American Heritage® Dictionary of the English Language, Fourth Edition
- n. Proliferation of fibroblastic cells in bone marrow, causing anemia and sometimes enlargement of the spleen and liver.
GNU Webster's 1913
- n. (Med.) Fibrosis of the bone marrow.
- n. fibrosis of the bone marrow
- myelo- + fibrosis (Wiktionary)
“NEW ORLEANS ― A first-in-its class oral medication provides significant and durable relief for patients with a rare, debilitating and lethal bone marrow disorder called myelofibrosis, researchers at The University of Texas M.”
“Abstracts already released suggest that the studies are going to point to much bigger potential for '424 beyond its lead indication myelofibrosis, which is already viewed as a blockbuster opportunity.”
“*** Pharmaceuticals Novartis said an experimental drug for the treatment of myelofibrosis, a rare form of blood cancer, met the goals of a late-stage study, which should pave the way to file the drug for regulatory approval in the second quarter.”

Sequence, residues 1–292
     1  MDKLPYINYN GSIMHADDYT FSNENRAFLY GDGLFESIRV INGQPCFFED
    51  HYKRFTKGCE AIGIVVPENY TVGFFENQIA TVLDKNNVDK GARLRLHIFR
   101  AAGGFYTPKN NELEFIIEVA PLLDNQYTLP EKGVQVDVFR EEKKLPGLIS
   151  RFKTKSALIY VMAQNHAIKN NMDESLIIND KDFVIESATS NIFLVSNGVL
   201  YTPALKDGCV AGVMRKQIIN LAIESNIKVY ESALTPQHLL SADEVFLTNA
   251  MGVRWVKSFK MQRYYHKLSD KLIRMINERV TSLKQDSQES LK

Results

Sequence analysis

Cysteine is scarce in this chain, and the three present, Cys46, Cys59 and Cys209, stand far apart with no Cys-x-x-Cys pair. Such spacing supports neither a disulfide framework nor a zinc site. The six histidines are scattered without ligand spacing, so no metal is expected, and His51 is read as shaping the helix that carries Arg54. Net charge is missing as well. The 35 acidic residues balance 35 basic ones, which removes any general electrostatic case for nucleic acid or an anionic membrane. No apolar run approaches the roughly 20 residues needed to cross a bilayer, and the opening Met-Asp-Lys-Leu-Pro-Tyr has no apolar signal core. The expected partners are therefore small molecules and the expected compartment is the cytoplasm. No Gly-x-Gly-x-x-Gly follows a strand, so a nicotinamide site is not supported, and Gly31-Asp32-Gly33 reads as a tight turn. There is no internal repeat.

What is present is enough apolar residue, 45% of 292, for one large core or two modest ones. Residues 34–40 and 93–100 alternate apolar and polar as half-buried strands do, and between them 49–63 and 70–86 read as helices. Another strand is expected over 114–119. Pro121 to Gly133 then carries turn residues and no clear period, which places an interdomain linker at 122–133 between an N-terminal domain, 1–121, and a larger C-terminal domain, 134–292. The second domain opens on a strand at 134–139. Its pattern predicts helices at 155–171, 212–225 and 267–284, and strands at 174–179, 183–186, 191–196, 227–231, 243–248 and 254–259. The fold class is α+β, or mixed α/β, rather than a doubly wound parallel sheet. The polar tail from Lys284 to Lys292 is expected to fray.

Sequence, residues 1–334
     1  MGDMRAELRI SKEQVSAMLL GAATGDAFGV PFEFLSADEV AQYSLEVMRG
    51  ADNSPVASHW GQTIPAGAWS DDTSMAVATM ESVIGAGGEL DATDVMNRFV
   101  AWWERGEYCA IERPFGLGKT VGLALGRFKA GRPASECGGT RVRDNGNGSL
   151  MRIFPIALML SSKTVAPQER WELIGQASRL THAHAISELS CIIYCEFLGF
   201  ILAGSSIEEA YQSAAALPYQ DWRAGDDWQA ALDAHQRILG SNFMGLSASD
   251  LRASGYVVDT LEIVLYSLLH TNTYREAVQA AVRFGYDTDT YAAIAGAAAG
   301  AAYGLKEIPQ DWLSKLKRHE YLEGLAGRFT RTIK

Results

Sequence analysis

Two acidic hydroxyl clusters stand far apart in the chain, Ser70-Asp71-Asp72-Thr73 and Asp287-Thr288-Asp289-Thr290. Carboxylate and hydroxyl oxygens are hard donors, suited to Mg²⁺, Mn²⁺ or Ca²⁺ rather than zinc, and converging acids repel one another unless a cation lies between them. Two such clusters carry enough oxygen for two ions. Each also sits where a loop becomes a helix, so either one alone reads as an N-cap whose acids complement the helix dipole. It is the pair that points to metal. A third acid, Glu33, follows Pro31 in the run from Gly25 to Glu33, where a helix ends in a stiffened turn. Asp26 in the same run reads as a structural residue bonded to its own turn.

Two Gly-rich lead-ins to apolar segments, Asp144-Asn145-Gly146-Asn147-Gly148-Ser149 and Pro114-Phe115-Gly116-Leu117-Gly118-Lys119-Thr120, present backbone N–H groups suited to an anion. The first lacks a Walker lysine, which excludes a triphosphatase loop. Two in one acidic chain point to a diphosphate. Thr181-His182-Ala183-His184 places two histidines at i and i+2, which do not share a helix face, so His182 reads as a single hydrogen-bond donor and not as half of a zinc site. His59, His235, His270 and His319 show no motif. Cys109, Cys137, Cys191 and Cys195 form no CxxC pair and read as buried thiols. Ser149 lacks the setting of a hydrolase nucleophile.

“An enlarged spleen is one of the characteristics of myelofibrosis.”
“ZURICH— Novartis AG said Tuesday an experimental drug for the treatment of myelofibrosis, a rare form of blood cancer, met the goals of a late-stage study, which should pave the way to begin filing the drug for regulatory approvals in the second quarter.”
“The cause of myelofibrosis is unknown, and there are few treatment options.”
“Novartis, based in Basel, Switzerland, said the study showed treatment with ruxolitinib, also known as INC424, provided a statistically significant reduction in spleen size in patients with different forms of myelofibrosis when compared with the best available therapy.”
“Incyte Corp.'s Jakafi pill obtained U.S. Food and Drug Administration approval Wednesday, making it the first drug approved specifically for myelofibrosis, a rare bone-marrow disease, according to the government agency.”
“The bone marrow of people with myelofibrosis is replaced by scar tissue, which can cause an enlarged spleen, anemia, decreased white blood cells and platelets.”
“Dave Fisher, 69, a founding member and lead singer of the 1960s folk group the Highwaymen, whose recording of the Civil War anti-slavery song "Michael, Row the Boat Ashore" became a surprise pop hit in 1962, died May 7 at his home in Rye, N.Y., of myelofibrosis, a rare blood disease.”
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